George W. Bush Rides the Next White Horse Into A New World Order
- White Horse: led America through 9/11/2001 to become greatest military power in world history. Conquered fear of vulnerability against terrorism – “No president in the history of Gallup’s approval ratings has seen a higher rating than Bush did right after the attacks.” Two weeks afterward, nearly 9 in 10 Democrats and independents approved of the Republican president, with Democratic approval trailing Republicans by only 10 percentage points.
- As much of the nation was just starting the day on the morning of September 11, 2001, 19 terrorists hijacked four East Coast flights, crashing three of the airplanes into targets in New York and Washington, D.C., with the fourth plane slamming into a field in Pennsylvania after passengers fought back.
- In the end, 2,977 people died…prompted President George W. Bush to declare a global “War on Terror” military campaign, in which he called on world leaders to join the U.S. in its response…“Either you are with us or you are with the terrorists…”
I’m not even discussing the possibility that 9/11 was an inside job for the purpose of rallying the American people behind their President. “A 2016 study from Chapman University in California, found more than half of Americans believe the government is concealing information about the 9/11 attacks.” Just saying, the resulting rallying of the American people behind their President’s declaration of war was spectacular.
Only a remnant of true believers recognize the works of darkness lurking behind the false savior on a white horse promising peace and security to his followers.
Cillizza: Herschel Walker was cheered by a social conservative crowd over the weekend, just days after he acknowledged he has four kids, [three by women he was not married to in addition to]…the one most people thought he had. What gives?
Du Mez: We really shouldn’t be surprised by this anymore…
in the case of White evangelicals, we’ve witnessed a dramatic reversal in the last few years in terms of how much personal morality matters when it comes to their support for political candidates. In 2011, just 30% of evangelicals believed that a person who commits an “immoral act” could behave ethically in a public role; in 2016, 72% thought this was possible [according to polling from PRRI/Brookings]. Walker is only the latest Republican man to reap the benefits of this situational morality...
For decades, conservative White evangelicals have championed a rugged, even ruthless “warrior” masculinity. Believing that “gender difference” was the foundation of a God-given social order, evangelicals taught that women and men were opposites. God filled men with testosterone so that they could fulfill their God-ordained role as leaders, as protectors and providers. Testosterone made them aggressive, and it gave them a God-given sex drive.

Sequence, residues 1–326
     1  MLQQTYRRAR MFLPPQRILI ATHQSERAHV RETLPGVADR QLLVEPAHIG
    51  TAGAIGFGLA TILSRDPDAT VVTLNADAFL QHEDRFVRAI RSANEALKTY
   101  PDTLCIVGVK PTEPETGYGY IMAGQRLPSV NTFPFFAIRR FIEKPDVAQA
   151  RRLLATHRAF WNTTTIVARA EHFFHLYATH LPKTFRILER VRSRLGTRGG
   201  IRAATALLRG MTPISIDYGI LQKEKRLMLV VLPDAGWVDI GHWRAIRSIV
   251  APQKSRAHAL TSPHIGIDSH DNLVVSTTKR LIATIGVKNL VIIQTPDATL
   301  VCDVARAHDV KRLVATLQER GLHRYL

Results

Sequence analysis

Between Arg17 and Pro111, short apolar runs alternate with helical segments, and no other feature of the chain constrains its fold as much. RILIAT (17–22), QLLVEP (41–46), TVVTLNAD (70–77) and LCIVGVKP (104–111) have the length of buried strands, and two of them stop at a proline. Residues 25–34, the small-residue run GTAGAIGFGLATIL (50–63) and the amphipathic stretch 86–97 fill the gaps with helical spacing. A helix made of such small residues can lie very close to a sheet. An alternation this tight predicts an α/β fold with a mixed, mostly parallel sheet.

Within this framework, there was ready forgiveness for male sexual misconduct. It was up to women to avoid tempting men who were not their husbands and meet the sexual needs of men who were. When men went astray, there was always a woman to blame. For men, misdeeds could be written off as too much of a good thing or perhaps a necessary evil, as evidence of red-blooded masculinity that needed only to be channeled in redemptive directions.
Within evangelical communities, we see these values expressed in the way organizations too often turn a blind eye to abuse, blame victims, and defend abusers in the interest of propping up a larger cause – a man’s ministry, an institution’s mission, or the broader “witness of the church.”
In 2016, we heard precisely this rhetoric in defense of Donald Trump. Trump was a man’s man. He would not be cowed by political correctness, but would do what needed to be done. He represented “a John Wayne America,” an America where heroic men were not afraid to resort to violence when necessary in pursuit of a greater good. Evangelicals did not embrace Trump in spite of his rough edges, but because of them…
81% of White evangelicals…voted for Trump…
Donald Trump worked hard to maintain an acute level of threat among his base throughout his four years in office. He railed against immigrants and protestors and warned of various threats to “real Americans” and their children…
Even though the Christian scriptures are filled with teachings about turning the other cheek, loving one’s neighbors and one’s enemies, and although the Bible instructs Christians to cultivate love, joy, peace, patience, kindness, goodness, gentleness, and self-control, many conservative Christians have instead embraced an “us vs. them” mentality that requires a warrior masculinity. Good guys with guns need to protect their families, their faith, and their nation – by which they mean those deserving of protection, “real Americans,” Christian America.